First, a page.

French & Italian Cream Sauce Basics
Cream sauces can be made in two ways - in the French roux style, or in the Italian heavy cream style. The French cream sauce is usually constructed using a roux, which is a mixture of 3 parts flour and 2 parts fat (usually butter or meat drippings). Roux is cooked in a sauce pan until the raw flour taste is gone. If you whisk cream (or a mixture of milk, half-n-half, or cream) into roux you have cream sauce. If you whisk milk or broth into a roux you have a lighter cream sauce or gravy.
Italians make cream sauce without flour, by cooking cream down until it gets thick and soupy. It is usually higher in fat, more expensive to make, and I don't think it keeps well if reheated the next day (the cream separates). Some American Italian restaurants use a roux cream sauce recipe, while others, like Villa Venezia, use only cream.
A Note on Buying Cream: Whipping or Heavy?
When you peruse your dairy section, you'll notice that there are two or three different kinds of cream available: Heavy Cream, Light Cream, and Whipping Cream. The difference is the fat content so flip the container around and look at the fat grams. I personally tend to use the lightest available (whipping cream) as it will have enough fat to create a smooth and thick sauce without making every bite drip with guilt. But really, who am I kidding? In case I haven't said this already, this is no diet sauce.
The Recipe: Sun-dried Tomato Basil Cream Sauce
3 Cloves of Garlic minced or finely chopped (you can use less, but this is surprisingly not an overpowering amount)
Olive Oil (feel free to use oil from the sun-dried tomato jar--it's very flavorful!)
3/4 Cup Julienned Sun-dried Tomatoes (oil-packed are more flavorful so use those in this recipe)
1 Pint Whipping Cream
1 Cup Shredded Parmesan Cheese
3/4 Cup Basil (loosely packed, sliced in thin chiffonade* pieces)
Sea Salt & Freshly Cracked Pepper
*Chiffonade is a a technique for cutting herbs. Stack your basil leaves and roll them. Thinly slice your roll and little piles of basil chiffonade will tumble onto your cutting board.
1. In a small, stainless steel saute pan drizzle about 1-2 tablespoons olive oil and heat to medium. Add minced garlic and saute for 1-2 minutes (be careful not to let garlic burn). Turn heat down to low-medium and add sun-dried tomatoes to pan. Let them soften and gently heat through so their flavor starts to release into the pan, about 2 minutes.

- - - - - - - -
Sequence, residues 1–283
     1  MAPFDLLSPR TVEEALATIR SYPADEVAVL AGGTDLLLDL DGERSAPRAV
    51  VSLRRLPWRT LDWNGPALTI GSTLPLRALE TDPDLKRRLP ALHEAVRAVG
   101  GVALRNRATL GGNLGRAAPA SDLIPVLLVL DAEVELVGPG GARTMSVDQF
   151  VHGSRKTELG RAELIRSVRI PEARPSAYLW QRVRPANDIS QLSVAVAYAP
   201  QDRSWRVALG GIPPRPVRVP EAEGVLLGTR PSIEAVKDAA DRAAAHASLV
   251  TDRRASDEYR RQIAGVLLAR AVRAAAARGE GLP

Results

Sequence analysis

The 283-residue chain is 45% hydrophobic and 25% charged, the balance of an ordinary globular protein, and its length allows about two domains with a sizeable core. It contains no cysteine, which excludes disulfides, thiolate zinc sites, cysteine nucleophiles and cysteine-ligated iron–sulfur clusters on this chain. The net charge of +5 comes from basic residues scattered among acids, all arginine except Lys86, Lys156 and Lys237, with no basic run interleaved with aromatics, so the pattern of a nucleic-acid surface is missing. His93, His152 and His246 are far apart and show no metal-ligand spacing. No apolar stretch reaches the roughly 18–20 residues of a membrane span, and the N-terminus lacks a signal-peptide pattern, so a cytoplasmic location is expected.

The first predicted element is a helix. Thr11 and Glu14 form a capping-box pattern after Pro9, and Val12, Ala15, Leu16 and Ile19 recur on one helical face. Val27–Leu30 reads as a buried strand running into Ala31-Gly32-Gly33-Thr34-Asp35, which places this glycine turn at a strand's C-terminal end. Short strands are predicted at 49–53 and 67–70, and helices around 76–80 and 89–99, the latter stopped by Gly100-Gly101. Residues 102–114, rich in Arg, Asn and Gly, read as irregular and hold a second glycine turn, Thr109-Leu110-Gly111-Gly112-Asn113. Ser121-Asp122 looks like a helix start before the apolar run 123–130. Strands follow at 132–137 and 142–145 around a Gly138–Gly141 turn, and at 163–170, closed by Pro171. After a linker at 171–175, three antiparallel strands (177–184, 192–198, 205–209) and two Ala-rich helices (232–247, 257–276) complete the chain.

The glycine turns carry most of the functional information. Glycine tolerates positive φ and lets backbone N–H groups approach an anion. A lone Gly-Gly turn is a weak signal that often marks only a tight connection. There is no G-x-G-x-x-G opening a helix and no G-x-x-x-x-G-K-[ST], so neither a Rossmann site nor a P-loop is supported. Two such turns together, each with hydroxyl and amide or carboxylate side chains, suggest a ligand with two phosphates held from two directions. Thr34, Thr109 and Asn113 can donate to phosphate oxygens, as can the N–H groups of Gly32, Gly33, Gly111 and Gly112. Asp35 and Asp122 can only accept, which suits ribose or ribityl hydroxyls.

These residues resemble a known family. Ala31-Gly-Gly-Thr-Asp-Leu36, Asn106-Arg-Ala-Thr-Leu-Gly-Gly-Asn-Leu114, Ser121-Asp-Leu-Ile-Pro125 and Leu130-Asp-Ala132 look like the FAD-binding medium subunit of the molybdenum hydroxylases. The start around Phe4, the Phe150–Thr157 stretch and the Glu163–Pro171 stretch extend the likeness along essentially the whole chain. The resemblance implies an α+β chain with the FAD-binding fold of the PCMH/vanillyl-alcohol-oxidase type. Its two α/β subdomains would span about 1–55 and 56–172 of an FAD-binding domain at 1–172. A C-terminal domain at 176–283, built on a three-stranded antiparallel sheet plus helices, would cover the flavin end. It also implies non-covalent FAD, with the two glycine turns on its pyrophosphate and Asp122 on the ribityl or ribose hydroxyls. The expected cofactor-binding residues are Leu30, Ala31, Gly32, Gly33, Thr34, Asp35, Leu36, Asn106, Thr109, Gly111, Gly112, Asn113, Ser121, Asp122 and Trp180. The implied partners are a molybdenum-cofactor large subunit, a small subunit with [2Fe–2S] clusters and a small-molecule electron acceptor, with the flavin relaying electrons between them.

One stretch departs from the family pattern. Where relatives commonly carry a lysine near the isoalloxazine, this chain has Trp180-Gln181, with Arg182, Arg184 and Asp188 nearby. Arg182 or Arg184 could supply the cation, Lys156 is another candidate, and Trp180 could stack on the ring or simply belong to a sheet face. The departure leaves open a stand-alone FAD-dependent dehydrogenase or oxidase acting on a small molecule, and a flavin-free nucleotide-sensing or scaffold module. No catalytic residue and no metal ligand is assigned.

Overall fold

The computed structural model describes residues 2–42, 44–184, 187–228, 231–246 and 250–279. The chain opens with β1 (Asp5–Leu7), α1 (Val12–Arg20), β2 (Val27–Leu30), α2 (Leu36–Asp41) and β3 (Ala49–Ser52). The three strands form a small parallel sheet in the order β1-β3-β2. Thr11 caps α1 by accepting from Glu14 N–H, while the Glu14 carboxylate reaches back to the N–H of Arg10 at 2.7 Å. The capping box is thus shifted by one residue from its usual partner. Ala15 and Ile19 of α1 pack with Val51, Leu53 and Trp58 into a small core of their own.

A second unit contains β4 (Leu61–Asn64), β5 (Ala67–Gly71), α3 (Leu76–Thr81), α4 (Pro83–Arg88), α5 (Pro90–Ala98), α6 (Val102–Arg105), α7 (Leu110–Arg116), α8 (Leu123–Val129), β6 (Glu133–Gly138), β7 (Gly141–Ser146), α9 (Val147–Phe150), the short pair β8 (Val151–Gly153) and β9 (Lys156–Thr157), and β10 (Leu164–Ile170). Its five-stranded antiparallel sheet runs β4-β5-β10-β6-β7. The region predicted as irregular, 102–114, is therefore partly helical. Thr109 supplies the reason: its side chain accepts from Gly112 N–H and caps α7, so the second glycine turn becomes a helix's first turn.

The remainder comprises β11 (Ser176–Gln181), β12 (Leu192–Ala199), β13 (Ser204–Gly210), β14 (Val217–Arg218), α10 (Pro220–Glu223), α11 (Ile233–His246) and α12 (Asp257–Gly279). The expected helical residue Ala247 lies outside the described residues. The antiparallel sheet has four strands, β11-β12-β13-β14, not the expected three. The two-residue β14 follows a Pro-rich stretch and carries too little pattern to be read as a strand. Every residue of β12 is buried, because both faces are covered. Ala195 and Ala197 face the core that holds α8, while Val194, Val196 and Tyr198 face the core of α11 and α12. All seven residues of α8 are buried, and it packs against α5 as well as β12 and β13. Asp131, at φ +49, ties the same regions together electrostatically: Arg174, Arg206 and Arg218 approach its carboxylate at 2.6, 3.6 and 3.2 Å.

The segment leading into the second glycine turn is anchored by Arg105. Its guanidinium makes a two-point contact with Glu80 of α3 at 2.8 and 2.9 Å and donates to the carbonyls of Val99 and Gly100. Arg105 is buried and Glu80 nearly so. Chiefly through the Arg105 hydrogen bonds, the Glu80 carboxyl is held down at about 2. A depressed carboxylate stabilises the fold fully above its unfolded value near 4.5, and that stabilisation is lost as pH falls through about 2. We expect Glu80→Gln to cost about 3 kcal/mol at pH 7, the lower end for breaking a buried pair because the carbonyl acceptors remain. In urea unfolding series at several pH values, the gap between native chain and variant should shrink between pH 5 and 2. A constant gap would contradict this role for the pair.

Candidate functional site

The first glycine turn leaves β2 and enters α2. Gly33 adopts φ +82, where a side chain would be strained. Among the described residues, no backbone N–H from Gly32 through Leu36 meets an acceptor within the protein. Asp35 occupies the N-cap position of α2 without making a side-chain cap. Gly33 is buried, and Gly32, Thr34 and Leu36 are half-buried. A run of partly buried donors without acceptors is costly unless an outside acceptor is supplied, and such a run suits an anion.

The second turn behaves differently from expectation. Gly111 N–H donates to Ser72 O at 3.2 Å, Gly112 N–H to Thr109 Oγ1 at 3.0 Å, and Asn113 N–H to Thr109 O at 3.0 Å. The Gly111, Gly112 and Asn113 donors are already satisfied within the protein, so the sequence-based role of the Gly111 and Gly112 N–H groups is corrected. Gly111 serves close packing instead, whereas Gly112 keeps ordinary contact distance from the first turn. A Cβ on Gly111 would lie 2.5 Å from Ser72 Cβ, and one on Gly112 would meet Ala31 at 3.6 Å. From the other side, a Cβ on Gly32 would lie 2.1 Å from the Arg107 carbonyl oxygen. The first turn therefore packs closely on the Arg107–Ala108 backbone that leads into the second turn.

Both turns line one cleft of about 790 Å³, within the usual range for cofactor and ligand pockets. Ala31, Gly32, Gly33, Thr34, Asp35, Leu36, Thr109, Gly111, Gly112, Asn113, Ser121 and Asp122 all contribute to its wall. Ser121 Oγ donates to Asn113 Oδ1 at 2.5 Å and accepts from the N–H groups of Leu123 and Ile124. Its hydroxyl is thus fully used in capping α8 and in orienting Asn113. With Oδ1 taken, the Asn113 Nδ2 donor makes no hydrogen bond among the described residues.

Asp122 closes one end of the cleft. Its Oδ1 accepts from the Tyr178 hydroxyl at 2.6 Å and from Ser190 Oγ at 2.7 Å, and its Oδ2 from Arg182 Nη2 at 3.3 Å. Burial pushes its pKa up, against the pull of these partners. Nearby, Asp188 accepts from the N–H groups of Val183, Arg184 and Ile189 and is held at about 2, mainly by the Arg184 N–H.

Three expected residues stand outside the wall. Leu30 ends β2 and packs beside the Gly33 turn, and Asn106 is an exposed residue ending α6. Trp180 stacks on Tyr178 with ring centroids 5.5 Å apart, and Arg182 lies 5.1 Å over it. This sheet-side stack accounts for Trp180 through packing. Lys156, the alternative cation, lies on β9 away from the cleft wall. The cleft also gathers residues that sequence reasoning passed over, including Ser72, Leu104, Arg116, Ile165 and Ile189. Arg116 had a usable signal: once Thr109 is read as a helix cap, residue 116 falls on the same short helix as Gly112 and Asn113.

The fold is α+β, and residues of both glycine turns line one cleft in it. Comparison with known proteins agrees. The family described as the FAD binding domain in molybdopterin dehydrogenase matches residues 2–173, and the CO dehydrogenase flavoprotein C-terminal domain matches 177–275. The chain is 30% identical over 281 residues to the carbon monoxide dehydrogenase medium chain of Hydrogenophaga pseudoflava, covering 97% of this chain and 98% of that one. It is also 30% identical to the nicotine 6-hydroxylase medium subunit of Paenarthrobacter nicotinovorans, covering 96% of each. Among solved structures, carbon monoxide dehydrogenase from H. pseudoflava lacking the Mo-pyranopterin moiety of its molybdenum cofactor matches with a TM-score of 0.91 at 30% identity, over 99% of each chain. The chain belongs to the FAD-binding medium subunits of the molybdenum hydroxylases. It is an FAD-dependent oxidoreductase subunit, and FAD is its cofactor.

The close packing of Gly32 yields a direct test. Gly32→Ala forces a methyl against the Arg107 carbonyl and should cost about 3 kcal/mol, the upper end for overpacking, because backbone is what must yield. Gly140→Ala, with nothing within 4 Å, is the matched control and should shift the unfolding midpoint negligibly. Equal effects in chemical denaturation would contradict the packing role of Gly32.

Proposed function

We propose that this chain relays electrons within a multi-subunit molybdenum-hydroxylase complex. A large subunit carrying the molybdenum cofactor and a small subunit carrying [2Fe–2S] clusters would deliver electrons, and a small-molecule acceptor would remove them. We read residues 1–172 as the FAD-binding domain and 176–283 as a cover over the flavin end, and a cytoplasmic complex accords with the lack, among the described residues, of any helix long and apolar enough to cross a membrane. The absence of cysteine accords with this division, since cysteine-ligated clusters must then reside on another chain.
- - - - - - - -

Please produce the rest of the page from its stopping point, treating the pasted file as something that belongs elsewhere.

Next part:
2. Add whipping cream and raise heat to medium. You need to watch this sauce and you want the temperature to come to a slight simmer so that the cream will reduce and condense without burning. Stir frequently with a wooden spoon.
3. After about five minutes, the sauce will start to reduce and turn a slight pink color from the tomatoes. Cook for an additional 3-5 minutes. Trust your instincts here. You can't really ruin this sauce by undercooking it (it will just be thinner), but you can ruin it by burning it so be careful to stir. Taste the sauce and note the texture, consistency, and flavor. If it has any hint of raw cream flavor, keep cooking. If the sauce tastes like the sun-dried tomatoes have made love to the cream, it's done.
4. When the cream has reduced, add the basil and stir. Sprinkle the cheese over the sauce while stirring and turn the heat off. When the cheese has fully melted and incorporated into the cream, it is time to taste. Parmesan cheese can be salty, so you want to taste and season after you add it. I think I add about 1/2-1 teaspoon salt (but this will depend on the cheese you use). One or two quick twists of freshly cracked pepper are enough.
I toss this sauce over gluten-free brown rice pasta. I like Tinkyada Brown Rice pasta - it's not mushy! You can also drizzle this over chicken, vegetables, or dip chunks of bread into it as an appetizer. It's rich, so I would serve it with a leafy salad, or along with vegetables. Enjoy!